[Ed. Note: To celebrate the five year anniversary of Pride & Prejudice & Zombies by Seth Grahame-Smith, Quirk will be hosting a number of PPZ related articles, giveaways, and editorials. This first piece, from frequent contributor Thom Dunn, is the first in a three part essay on the creation of Pride & Prejudice & Zombies, and Quirk's move to start publishing fiction. Enjoy! - Eric]
Writing poetry isn't really a talent of mine—unless you count humorous/sarcastic haikus and "Roses Are Red" variants—but I do randomly stack books to create sentences and mini-mini short stories. Then I discovered that this a Thing: spine poetry! Naturally, I got sucked into the Internet and bounced from Pinterest to Tumblr to blog posts filled with books stacked and photographed to create a poem.
So for no reason at all and with no prize promised, I challenged myself to see how many sentences I could create with the books in my office. My self-imposed rules were no title repetition and only using print books on my shelves. Here's what I came up with.
Deep in the shade of paradise, when you are engulfed in flames, this book will save your life.
It’s pretty common for today’s media to have suggested hashtags so we can join the community of fans talking about a (theoretically) shared experience. You see them in movie trailers. They pop-up on your screen multiple times during your favorite TV show. And even books will often include a suggested hashtag on the back cover.
Recently, I’ve seen a ton of posts that posit what it might look like if classic TV show XYZ had suggested hashtags. My favorite one is for Friends. So I started wondering what it would look like if our favorite classic works of literature had similarly suggested Twitter hashtags…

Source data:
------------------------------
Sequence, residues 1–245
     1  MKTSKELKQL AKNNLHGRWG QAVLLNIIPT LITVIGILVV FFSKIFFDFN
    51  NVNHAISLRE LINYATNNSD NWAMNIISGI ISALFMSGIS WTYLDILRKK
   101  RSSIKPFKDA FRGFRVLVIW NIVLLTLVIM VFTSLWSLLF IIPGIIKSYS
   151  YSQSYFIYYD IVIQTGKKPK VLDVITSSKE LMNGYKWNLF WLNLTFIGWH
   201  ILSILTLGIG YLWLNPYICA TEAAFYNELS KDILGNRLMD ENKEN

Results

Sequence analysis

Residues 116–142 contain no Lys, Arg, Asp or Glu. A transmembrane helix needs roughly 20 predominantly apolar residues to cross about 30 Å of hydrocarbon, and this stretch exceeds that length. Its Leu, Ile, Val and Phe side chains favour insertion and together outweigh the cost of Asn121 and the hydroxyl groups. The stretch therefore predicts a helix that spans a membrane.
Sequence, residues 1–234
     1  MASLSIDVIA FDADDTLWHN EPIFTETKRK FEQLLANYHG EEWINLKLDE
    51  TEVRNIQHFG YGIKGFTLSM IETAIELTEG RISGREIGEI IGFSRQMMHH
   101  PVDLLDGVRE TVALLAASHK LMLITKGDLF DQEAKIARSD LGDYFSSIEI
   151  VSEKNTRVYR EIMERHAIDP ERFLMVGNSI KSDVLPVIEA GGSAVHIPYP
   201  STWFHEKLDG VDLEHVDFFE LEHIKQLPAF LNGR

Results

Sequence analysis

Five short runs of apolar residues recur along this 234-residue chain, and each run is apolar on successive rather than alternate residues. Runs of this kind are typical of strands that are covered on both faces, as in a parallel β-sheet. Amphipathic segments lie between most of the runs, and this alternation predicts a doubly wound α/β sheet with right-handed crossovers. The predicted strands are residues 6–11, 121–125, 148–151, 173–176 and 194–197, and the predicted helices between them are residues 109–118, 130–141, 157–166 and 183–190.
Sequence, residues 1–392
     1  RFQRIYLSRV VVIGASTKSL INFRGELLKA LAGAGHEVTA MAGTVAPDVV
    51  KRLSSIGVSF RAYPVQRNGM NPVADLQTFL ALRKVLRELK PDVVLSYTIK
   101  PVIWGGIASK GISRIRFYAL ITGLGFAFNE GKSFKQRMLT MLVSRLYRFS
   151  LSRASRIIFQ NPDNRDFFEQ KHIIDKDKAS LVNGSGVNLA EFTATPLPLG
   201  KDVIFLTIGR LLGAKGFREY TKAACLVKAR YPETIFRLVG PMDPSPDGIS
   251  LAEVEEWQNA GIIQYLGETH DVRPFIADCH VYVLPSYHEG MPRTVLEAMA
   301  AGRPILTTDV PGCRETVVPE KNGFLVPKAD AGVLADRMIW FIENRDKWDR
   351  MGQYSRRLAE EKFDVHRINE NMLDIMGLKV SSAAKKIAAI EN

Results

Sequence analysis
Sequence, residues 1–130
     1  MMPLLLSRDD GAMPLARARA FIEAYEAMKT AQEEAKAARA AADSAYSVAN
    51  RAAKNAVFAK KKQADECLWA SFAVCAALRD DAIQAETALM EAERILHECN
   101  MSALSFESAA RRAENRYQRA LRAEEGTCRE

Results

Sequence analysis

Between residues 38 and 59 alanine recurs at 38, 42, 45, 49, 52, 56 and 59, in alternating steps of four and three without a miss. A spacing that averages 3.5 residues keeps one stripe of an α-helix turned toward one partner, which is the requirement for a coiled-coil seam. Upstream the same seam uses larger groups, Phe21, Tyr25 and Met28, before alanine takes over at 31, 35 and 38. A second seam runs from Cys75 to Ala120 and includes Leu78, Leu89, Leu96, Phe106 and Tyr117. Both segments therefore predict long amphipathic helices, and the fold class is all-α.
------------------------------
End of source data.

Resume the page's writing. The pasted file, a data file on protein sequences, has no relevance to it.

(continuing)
Here at Quirk, #we #love #Twitter. (Psst. Come follow us!) So we're incredibly excited to have three Quirk writers participating in the #TwitterFiction Festival 2014: Ben H. Winters (The Last Policeman), Ian Doescher (William Shakespeare's Star Wars), and Eric Smith (The Geek's Guide to Dating).
Read on to find out more and learn how you can write your own #TwitterFiction!
National Craft Month continues with a truly intense craft: The Creepy Monkey from Creepy Cute Crochet: Zombies, Ninjas, Robots, and More!This is not a craft for beginners—it’s as tough and unforgiving as March. But if you’re a crafter, you’re not afraid of a challenge! And besides, this monkey is so darned cute I’ll leap at any opportunity to share it.
The world needs more of these sweet little monkeys. Make them!
Shopping in a bookstore is a bit like shopping at a hardware store: if you’re there for something specific, you need to know a thing or two about the item you’re looking for before attempting to find it in the aisles. If you’re there to browse, the world is your oyster.
As a bookseller, I’ve often heard people ask for a book they saw several weeks ago, on that table near the café (you know the one!), that had a blue cover. But lots books go on display every week, on many tables, and some of those books were published two, five, ten years ago! Feeling helpless and apologetic, all I can do is point out general sections of the store where they might find a blue book. So to correct future sadness, arm yourself with bookstore etiquette and prepare to fill your arms with all the books you could ever want!